In the rural areas, improvement in agricultural export earnings promoted large-scale farming, which in turn created new employment opportunities. The reduction in unemployment rate was accompanied by an increase in personal incomes, which in turn improved the standards of living in the country.
The export-led growth strategy facilitated the integration of China into the world economy. China has joined the WTO and signed bilateral and multilateral trade agreements with several trade blocs such as NAFTA, ASEAN, and the EU. One of the advantages of the trade integration is access to foreign capital. Foreign companies have formed joint ventures with Chinese firms, thereby enabling the later to access the capital that they need to expand their businesses (Akyuz 2-22).
Knowledge transfer and technological advancements have also been brought about by the economic integration. Producing for the export market promotes innovation and use of advanced technologies to overcome competition. As a result, Chinese companies have invested heavily in research and development. This has led to technological advancements in the country.
Moreover, local companies have benefited from knowledge transfer by learning from their foreign partners. For instance, China’s automobile manufacturers have focused on forming joint ventures with European car producers to access the technology that they need to improve the competitiveness of their products in the export market.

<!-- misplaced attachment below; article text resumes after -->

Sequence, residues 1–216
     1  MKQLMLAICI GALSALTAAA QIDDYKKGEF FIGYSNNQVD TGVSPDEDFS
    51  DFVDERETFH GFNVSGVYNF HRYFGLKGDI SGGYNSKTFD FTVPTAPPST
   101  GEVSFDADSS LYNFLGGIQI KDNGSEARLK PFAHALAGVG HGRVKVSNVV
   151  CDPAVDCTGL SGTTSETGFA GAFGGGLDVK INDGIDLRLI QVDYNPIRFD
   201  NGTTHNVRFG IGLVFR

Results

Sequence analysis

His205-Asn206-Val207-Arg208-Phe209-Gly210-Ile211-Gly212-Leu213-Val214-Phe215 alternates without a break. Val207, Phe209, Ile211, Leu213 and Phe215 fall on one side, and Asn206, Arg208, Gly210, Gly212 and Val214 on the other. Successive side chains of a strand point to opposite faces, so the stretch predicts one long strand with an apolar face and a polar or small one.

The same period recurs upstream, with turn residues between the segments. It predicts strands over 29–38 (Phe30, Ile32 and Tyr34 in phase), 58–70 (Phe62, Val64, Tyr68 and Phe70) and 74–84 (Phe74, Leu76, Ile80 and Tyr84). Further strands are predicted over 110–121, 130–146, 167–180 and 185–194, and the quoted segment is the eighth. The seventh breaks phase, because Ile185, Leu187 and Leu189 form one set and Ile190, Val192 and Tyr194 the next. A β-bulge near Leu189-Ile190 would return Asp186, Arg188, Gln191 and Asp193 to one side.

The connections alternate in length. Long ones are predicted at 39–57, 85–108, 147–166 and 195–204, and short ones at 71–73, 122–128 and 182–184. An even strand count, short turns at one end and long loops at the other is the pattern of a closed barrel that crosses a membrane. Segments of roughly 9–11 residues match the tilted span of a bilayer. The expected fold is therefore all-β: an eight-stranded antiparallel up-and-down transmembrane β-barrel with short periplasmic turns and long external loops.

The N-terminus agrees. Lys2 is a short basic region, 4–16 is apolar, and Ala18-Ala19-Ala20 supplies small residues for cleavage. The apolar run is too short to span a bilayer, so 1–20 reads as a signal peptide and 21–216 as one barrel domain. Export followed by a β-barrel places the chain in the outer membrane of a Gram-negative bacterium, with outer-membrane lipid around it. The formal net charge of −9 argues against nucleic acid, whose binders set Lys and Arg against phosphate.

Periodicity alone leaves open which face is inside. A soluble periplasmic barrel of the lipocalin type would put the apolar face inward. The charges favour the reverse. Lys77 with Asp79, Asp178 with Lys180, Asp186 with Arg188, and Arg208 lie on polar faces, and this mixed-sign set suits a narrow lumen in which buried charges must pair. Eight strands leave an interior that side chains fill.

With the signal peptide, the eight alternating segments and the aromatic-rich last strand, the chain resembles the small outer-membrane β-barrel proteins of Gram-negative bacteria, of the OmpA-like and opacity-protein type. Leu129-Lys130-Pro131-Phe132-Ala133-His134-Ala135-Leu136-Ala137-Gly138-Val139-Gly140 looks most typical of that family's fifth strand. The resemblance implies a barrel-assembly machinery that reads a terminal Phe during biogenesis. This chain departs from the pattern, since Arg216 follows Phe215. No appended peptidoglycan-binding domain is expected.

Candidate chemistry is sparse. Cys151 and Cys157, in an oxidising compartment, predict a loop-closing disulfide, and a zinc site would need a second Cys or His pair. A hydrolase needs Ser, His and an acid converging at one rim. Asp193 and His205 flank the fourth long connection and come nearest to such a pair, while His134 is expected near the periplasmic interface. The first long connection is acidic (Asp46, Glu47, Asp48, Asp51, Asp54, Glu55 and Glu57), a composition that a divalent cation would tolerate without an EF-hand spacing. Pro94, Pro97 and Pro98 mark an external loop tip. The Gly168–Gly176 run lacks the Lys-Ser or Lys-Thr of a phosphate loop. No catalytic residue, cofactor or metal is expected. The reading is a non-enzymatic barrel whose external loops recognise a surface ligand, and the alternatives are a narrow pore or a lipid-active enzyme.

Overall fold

The Challenges of the Export-led Growth Strategy
Uneven Economic Growth
The export-led growth strategy has resulted into uneven economic growth in China in the following ways. First, the disparity in household incomes has significantly increased in the last three decades. The incomes of the richest households have been growing more rapidly than the wages earned by the middle-income and poor households.
This trend has been attributed to the fact that wages have not increased in tandem with corporate profits. In particular, the rich families that own businesses in key industries such as manufacturing have been keeping a large share of their profits rather than increasing the wages of their employees (Razmi 2-33).
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Second, the country has experienced unequal economic growth in its provinces. Specifically, the inland provinces have lagged behind the coastal regions that continue to experience rapid economic growth. For instance, between 1978 and 2004 inland provinces reported an average annual economic growth rate of 5.9%, whereas coastal provinces grew at an average rate of 13.3% (Razmi 2-33).
One of the causes of the uneven growth is that investment in infrastructure favored coastal provinces whose strategic location was expected to promote exportation. As a result, most companies were established in coastal regions rather than inland provinces.
Finally, uneven growth has been experienced across various sectors of the economy. The government focused on developing the industrial sector at the expense of the service and agricultural sectors. For instance, the government subsidized importation of intermediate goods that were used in the manufacturing industry, as well as, limiting exportation of raw materials through quotas.